Category: Macroinvertebrates

Return of the sponges

It was a bad afternoon for a river expedition. A light rain had started to fall, pushed by a gusty breeze. But this was about sponges, and it couldn’t wait. By tomorrow morning, the remnants of Hurricane Ida would sweep into Potomac country. Heavy rains would flood the river, producing swift currents that would scour away anything not firmly anchored to the bottom.This would be my last chance this year—perhaps forever—to see my delicate and enigmatic creatures.

The thrill of discovery. I call them “my sponges” because I had found them in 2011, the first sighting of sponges in the main stem of the upper Potomac River. I also call them “creatures,” because a lot of people don’t realize that they are animals, not plants, and are moreover the first animal to emerge on earth, possibly an astonishing 890 million years ago.

The most lively thing about D. radiospiculata are its jumping jack-like spicules. Otherwise it just sits there like a head of cauliflower.

I was thrilled by that discovery 10 years ago, and even more so when the sponge expert at the Smithsonian Institution identified the sponge as a species rarely found along the eastern seaboard. Its scientific name was Dosilia radiospiculata for the delicate radial structure of its skeletal parts. I proudly signed a release to donate my specimen to the Smithsonian collection.

I felt a kinship with the legendary naturalist explorers of former times, whose exploits I so admired. Now I had exploits of my own. But I quickly I learned that not all scientific discoveries are equal. A person can live their entire life without thinking even once about a freshwater sponge. When I told one person about my sponges, her response was, “Let’s go see what’s on the buffet table.”

Then the sponges disappeared, also after a flood, like the one that was threatening to hit now. In the following years I searched for them, all up and down the river, but found no trace.

But even though my discovery was perhaps not very interesting, it was significant. Look at Darwin and his earthworms! As it turned out, my discovery and the events that followed would transcend the subject of sponges, and help me to better understand the world and our place in it.

Here my guide would be Potowmack the Trickster, the spirit of the river, who excelled in exposing our foibles and puncturing our pride, particularly as regards our place in the natural world.

A nice afternoon for my son and his family of mucking around in the river turned into another chapter in the sponge saga.

Sponges redux. And now, after 10 years of absence, the sponges reappeared. I had taken my son Matt and his young family out for a Potomac afternoon of getting wet and muddy. As we were preparing to leave, Matt casually remarked, “Hey Dad, isn’t that one of those sponges you told me about”? I was astounded.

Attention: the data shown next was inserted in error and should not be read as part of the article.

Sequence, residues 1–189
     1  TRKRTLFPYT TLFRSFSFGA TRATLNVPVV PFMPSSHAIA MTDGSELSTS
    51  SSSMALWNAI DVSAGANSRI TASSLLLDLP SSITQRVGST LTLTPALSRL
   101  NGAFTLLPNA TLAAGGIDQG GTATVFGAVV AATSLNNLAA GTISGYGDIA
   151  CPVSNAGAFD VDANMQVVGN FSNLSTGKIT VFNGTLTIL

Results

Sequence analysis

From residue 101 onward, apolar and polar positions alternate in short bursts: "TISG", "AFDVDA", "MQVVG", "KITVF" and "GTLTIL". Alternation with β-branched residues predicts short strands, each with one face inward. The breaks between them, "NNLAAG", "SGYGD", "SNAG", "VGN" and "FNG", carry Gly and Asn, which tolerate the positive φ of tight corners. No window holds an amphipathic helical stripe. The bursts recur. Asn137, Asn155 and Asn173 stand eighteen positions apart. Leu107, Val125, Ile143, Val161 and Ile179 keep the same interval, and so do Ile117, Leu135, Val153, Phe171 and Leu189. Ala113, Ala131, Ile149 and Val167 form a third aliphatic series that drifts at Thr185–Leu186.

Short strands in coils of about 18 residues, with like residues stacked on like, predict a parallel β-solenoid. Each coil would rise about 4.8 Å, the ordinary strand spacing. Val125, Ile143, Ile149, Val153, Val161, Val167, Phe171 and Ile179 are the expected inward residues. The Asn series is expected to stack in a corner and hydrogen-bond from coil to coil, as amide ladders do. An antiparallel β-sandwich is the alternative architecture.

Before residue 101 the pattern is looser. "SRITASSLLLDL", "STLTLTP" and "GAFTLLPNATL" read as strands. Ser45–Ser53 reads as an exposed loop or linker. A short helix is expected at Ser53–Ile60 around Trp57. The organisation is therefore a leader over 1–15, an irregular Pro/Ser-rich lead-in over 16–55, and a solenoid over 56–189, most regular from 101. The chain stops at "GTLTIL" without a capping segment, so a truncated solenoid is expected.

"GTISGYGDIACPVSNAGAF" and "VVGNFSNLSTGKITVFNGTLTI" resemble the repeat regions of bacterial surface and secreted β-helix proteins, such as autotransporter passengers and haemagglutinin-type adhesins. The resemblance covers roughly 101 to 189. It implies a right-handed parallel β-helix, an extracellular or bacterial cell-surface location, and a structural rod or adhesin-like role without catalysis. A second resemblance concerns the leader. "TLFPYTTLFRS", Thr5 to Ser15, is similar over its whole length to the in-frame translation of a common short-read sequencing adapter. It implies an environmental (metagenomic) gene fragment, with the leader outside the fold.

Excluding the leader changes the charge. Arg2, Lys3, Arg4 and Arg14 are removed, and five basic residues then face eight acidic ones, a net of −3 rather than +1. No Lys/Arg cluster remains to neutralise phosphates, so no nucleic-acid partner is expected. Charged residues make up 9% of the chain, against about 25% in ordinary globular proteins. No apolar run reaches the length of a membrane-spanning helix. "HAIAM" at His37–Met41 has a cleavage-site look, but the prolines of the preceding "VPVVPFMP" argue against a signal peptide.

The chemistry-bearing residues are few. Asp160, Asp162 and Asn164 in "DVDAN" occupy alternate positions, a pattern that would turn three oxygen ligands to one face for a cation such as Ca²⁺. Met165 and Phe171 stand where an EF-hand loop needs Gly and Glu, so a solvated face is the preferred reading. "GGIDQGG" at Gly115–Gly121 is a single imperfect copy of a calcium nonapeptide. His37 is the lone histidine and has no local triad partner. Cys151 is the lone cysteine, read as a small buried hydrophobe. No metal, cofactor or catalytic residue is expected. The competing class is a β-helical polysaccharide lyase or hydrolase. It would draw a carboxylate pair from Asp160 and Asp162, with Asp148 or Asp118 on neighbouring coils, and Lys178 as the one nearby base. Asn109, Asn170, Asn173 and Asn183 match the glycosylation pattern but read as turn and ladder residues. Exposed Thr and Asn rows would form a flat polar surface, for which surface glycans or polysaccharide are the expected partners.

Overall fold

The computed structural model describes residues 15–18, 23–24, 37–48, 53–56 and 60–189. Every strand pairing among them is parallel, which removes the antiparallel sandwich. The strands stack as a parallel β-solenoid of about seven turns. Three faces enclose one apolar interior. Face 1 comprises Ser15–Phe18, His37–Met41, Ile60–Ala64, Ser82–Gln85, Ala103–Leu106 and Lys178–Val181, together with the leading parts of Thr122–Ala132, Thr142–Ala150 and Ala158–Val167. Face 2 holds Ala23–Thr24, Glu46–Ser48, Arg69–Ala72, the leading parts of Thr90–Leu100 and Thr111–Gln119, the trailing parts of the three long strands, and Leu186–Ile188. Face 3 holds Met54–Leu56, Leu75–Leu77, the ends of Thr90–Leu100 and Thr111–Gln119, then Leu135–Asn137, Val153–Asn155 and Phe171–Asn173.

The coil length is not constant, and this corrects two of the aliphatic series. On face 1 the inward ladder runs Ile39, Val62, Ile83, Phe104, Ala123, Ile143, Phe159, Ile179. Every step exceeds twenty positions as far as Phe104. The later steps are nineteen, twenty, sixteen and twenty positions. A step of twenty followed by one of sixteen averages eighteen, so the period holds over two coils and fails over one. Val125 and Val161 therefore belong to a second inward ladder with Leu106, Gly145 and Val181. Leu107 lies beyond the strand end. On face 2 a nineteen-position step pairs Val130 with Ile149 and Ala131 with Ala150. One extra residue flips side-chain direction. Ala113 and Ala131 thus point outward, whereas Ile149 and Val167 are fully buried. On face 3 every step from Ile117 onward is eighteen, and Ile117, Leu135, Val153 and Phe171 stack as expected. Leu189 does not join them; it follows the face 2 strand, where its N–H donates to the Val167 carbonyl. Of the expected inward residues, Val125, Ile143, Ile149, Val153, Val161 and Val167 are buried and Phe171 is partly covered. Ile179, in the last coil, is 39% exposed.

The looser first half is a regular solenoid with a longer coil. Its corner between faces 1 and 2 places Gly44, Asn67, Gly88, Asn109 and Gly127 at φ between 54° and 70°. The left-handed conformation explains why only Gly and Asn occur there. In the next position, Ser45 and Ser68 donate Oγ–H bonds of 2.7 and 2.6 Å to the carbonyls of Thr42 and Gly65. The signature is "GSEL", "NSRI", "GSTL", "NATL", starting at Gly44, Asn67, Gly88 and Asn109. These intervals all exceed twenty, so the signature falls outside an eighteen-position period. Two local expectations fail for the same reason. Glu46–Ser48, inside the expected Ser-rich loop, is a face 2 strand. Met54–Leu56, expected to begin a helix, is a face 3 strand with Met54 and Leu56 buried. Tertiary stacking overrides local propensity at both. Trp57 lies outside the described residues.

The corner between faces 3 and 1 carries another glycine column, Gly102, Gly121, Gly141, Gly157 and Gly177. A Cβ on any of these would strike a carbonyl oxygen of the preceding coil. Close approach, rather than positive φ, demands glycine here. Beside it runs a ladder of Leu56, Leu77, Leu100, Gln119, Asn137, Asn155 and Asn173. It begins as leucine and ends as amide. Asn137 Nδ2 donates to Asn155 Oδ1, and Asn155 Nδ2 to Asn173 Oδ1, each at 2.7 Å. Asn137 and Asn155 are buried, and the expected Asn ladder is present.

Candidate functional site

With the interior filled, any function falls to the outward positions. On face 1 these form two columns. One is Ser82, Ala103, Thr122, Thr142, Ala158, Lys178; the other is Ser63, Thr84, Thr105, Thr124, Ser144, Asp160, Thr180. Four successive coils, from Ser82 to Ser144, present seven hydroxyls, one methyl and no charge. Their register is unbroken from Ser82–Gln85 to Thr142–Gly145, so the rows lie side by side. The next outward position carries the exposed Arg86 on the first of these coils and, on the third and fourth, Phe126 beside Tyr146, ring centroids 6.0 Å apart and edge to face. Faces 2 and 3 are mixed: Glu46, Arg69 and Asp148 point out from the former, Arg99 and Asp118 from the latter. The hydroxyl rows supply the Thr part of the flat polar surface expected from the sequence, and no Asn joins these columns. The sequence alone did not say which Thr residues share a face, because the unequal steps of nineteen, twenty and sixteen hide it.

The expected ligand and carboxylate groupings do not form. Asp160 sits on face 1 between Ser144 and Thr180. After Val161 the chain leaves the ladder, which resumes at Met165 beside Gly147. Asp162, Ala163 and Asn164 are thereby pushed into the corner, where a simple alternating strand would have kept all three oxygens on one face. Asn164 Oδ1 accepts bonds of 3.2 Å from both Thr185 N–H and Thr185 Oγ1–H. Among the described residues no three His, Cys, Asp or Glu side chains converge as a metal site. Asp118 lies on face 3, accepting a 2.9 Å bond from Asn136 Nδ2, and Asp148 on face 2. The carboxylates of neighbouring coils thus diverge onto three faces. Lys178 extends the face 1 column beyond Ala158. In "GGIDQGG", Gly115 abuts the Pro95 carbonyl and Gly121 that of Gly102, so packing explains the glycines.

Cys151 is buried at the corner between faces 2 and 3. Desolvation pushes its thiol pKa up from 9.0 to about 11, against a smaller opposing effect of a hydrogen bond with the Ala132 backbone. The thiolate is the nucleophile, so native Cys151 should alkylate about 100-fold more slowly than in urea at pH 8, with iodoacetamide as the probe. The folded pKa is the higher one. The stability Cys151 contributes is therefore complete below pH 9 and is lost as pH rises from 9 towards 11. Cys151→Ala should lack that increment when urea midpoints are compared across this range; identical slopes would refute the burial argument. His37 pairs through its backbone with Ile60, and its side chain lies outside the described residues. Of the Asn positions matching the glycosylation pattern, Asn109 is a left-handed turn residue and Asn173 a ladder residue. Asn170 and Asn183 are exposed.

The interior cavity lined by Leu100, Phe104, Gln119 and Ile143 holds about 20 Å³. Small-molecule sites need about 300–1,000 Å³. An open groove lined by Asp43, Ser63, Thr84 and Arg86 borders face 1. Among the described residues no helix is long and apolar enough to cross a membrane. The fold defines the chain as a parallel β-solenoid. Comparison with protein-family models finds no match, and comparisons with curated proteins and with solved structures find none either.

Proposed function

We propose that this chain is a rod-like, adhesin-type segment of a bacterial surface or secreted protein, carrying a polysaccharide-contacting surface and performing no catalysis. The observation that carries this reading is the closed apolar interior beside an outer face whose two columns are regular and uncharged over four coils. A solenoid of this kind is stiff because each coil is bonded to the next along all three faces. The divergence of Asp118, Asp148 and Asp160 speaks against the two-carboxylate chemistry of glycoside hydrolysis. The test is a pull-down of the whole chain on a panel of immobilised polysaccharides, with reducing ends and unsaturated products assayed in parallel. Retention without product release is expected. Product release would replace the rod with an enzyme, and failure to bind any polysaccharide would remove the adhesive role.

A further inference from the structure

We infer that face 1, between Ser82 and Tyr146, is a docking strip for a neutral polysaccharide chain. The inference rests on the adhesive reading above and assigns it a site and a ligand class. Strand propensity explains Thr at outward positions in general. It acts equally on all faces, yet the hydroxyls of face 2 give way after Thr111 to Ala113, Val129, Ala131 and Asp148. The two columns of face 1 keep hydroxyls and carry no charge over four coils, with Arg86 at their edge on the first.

We were in a little cove, its water murky from the silt we kicked up boarding the canoe. But we could still make out the bottom and its tufts of algae, dead leaves, and smoothed river stones. And the sponges, a whole colony of them.

By now everyone was settled in the canoe and clearly anxious to be on their way. I snapped off a couple of more photos, and off we went. I would return as soon as I could to spend some quality time with these long lost creatures.

One last encounter. Now here I was by myself, paddling hard through the rain and the weeds and around the rock ledges. I heard some distant rumbling to the west, imagining that Hurricane Ida was already arriving. It turned out to be aircraft making their approach to Dulles Airport, some of them probably carrying Afgan refugees. Most of the world was focused on the Afgan evacuations, or the hurricane, or covid-19. My mind was on sponges.

I angled across the river heading for a gravel bar, a spot where you can still find remnants of the canal that George Washington built to skirt the rapids. I wondered if Washington also saw the sponges. Would he have cared?

The gravel bar was already occupied by an increasingly agitated flock of Canada geese. They bobbed their heads and honked and cackled and pooped and then took to the air, flying low over the water, still honking and pooping.

I pulled my kayak up on the shore, picking my way around the piles of goose droppings. The water was a little discolored, but clear enough to see.

Crushed and confused, I search the little cove for any sign of sponges.

The trickster returns. But there was nothing to see. The sponges had vanished, once again gone without a trace.

I was disappointed, but at the same time intrigued. No doubt about it. Here was Patowmack the Trickster at work once more.